• Sun
  • Dec 21, 2014
  • Updated: 5:43pm
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FILM

Berlin film fest to open with Wes Anderson world premiere

PUBLISHED : Thursday, 06 February, 2014, 9:49pm
UPDATED : Thursday, 06 February, 2014, 9:57pm

The world premiere of Wes Anderson’s keenly awaited caper The Grand Budapest Hotel will open the 64th Berlin film festival on Thursday as it joins the race for the Golden Bear top prize.

The high-profile opening movie with an all-star cast led by British actor Ralph Fiennes marks a coup for the Berlinale, Europe’s first major cinema showcase of the year.

The 11-day festival will screen more than 400 productions from around the world before a jury led by US producer James Schamus (Brokeback Mountain) hands out the main awards among 20 contenders.

The Grand Budapest Hotel is Anderson’s eighth feature and follows his bittersweet first-love story Moonrise Kingdom, which launched the Cannes film festival in 2012 to become a critical and box office hit.

It will be the third time in the Berlinale competition for Anderson, who has striven to maintain quirky indie sensibilities while filming with ever growing budgets, following The Life Aquatic with Steve Zissou and The Royal Tenenbaums.

Anderson has lined up another stellar ensemble cast including Adrien Brody, Willem Dafoe, Bill Murray, Harvey Keitel, Lea Seydoux, Jeff Goldblum, Tilda Swinton along with Edward Norton, Mathieu Amalric and Owen Wilson to light up Berlin’s red carpet.

I decided to take some orientation from German and Austrian directors who emigrated to Hollywood in the ‘30s
Wes Anderson

Online buzz from industry types given a sneak preview of Grand Budapest indicated that the picture is one of the strongest by Anderson, a three-time Oscar nominee.

The Texas-born director, 44, said he took inspiration from film classics by Ernst Lubitsch and Billy Wilder while tracking the escapades of an early 20th-century concierge of the old school, Gustave H, against the backdrop of a continent in turmoil.

“When the adventures of the main character begin, I decided to take some orientation from German and Austrian directors who emigrated to Hollywood in the ‘30s,” he told Berlin magazine Tip ahead of the festival.

A lost world

The story revolves around the theft of a priceless Renaissance painting and the battle for an enormous family fortune left by dowager countess Madame D, played by Swinton who in a film trailer is seen aged with makeup beyond recognition.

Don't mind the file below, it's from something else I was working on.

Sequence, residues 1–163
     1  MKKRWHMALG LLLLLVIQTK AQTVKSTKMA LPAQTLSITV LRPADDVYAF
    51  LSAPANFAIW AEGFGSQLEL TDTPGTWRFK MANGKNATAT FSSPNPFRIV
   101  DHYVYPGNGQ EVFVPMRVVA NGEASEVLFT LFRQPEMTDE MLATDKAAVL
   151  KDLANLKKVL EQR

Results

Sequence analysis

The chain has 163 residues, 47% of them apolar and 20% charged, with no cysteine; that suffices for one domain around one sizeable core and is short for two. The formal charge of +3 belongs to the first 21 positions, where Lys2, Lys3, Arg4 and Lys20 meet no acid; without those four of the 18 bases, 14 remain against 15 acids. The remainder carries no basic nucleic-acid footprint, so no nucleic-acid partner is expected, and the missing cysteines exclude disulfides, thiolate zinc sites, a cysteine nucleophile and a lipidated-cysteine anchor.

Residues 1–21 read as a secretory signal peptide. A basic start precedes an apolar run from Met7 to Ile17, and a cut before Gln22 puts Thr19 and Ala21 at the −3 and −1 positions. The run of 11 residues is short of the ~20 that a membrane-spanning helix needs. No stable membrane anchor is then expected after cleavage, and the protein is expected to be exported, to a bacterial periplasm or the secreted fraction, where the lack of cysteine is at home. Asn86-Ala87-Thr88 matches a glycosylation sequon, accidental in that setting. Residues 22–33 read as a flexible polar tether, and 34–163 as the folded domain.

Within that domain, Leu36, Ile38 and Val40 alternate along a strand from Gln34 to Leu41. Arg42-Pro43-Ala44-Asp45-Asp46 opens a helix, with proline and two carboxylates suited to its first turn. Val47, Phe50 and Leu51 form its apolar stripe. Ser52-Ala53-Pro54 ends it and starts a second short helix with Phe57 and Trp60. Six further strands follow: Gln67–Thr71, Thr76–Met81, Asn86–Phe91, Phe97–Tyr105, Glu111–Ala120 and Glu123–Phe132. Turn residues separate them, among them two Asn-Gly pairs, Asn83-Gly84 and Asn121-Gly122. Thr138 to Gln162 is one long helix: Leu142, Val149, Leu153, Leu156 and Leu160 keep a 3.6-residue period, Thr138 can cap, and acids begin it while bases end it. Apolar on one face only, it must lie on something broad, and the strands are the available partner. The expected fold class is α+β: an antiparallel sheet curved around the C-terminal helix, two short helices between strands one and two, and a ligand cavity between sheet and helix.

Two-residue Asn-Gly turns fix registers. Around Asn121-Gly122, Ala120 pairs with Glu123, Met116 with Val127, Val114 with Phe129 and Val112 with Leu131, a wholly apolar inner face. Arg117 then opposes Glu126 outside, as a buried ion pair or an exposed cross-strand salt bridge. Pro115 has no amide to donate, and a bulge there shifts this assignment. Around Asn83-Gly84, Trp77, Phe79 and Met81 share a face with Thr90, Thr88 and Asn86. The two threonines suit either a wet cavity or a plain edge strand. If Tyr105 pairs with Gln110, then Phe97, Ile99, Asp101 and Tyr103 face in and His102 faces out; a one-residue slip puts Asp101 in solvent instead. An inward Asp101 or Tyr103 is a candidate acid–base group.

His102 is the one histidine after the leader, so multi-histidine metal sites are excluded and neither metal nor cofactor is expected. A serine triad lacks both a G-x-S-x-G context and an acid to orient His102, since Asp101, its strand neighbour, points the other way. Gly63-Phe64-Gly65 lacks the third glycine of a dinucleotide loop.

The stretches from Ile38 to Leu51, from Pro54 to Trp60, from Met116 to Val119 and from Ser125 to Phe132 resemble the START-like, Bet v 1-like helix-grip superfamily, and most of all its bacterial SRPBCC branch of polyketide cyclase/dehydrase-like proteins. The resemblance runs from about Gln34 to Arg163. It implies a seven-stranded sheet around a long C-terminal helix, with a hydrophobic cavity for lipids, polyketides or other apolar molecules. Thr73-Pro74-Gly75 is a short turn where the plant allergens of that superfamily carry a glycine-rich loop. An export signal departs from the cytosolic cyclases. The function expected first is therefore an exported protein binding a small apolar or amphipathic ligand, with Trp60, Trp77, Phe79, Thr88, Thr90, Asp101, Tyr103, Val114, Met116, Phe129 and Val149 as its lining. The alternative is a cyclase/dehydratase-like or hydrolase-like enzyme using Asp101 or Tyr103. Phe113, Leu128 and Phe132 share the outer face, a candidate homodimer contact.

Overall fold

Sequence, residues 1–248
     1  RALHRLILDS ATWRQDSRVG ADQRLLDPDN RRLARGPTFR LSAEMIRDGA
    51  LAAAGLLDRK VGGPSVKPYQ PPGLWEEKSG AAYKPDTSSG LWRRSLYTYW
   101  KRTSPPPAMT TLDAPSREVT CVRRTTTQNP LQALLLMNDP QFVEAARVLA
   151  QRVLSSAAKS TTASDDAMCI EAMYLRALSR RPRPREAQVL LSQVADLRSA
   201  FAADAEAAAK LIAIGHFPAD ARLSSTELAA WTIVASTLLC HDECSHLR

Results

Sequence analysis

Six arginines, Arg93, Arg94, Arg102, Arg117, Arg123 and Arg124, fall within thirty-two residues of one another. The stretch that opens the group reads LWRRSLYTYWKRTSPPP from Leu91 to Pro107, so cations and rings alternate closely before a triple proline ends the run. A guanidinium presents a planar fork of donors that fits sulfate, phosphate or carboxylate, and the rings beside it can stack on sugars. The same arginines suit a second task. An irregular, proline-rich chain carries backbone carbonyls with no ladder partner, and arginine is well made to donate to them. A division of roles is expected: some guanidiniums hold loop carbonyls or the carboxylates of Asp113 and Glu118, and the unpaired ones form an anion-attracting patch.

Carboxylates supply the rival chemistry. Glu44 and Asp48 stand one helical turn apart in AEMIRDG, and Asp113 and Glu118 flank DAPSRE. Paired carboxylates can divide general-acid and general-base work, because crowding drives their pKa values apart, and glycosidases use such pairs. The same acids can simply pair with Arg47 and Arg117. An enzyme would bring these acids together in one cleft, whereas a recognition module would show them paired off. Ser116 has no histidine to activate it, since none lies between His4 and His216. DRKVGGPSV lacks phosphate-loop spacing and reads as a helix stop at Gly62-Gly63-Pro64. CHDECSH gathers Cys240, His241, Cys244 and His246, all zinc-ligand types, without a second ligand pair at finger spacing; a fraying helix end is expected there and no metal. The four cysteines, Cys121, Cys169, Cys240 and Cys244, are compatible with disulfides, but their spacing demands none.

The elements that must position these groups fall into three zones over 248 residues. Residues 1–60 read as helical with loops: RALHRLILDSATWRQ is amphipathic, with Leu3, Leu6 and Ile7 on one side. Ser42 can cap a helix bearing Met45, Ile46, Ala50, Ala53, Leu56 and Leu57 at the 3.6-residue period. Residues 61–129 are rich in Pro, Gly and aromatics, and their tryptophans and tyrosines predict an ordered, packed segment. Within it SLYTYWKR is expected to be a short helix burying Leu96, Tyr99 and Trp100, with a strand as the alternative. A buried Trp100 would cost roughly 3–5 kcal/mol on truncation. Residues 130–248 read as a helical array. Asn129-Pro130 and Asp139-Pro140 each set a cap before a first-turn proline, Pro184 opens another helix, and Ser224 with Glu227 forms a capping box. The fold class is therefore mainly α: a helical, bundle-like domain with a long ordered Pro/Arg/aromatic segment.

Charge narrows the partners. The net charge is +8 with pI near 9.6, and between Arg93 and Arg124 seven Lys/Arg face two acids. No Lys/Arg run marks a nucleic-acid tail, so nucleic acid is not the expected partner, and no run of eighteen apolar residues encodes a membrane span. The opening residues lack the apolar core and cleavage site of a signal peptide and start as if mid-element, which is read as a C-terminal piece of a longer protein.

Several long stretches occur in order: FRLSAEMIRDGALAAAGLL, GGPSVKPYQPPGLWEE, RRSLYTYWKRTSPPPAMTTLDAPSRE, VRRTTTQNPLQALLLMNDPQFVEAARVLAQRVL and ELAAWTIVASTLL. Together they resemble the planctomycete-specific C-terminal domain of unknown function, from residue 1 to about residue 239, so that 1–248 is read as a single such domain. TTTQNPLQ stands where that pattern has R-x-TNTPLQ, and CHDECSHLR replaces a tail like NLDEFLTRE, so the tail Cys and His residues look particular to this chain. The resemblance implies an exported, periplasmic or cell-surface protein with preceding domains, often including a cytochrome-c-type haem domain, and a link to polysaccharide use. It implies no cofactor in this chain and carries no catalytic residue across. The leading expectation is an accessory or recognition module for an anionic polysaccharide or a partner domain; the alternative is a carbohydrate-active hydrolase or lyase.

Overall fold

Fiennes, who reportedly took the lead role when Johnny Depp bowed out, appears as Gustave, who is accused of Madame D’s murder by her scheming son (Brody).

Murray, who has appeared in all of Anderson’s feature films apart from his debut, plays a member of a secret order of concierges that comes to Gustave’s rescue.

Although set in an imaginary Central European country called Zubrowka, the action in Grand Budapest traces a familiarly tragic historical arc from the Belle Epoque to fascism and then communist dictatorship.

Festival director Dieter Kosslick told reporters last week that apart from being a major new work from a popular director, the movie was the right choice in a year in which Europe marks the 100th anniversary of the first world war as well as 25 years since the Berlin Wall fell.

“There is a lot of German history in this movie, and that goes for many of the films to be shown here, regardless of where they are from,” he said.

Murray also stars in George Clooney’s The Monuments Men about an elite unit of Allied soldiers fighting to rescue precious artworks from the Nazis, which will screen on Saturday out of competition at the Berlinale.

Both pictures were shot in Germany with themes that resonate deeply in the country, Kosslick noted, pointing to the recent discovery of hundreds of priceless artworks stashed in a Munich flat, many of them believed to have been looted by the Germans during the second world war.

Schamus, joined on the jury by two-time Oscar-winning Austrian actor Christoph Waltz and James Bond co-producer Barbara Broccoli among others, said that despite the panel’s divergent backgrounds, movies pulled it together like a family.

“A family is a space where you get to really profoundly, at the molecular level, disagree with everybody you’re having food with and wake up the next morning and still be in love,” he told the opening news conference.

“And I do think that’s the joy of festival juries when they work. And even when they don’t work that well, just like families, you still have those bonds.”

Following the sudden death of Oscar-winning actor Philip Seymour Hoffman, organisers said the festival would screen Capote, in which the 46-year-old starred, as a tribute. “He’ll be here,” Schamus said.

“It’s places like Berlin that you have the opportunity in a sense to remember and to mourn and to celebrate.”

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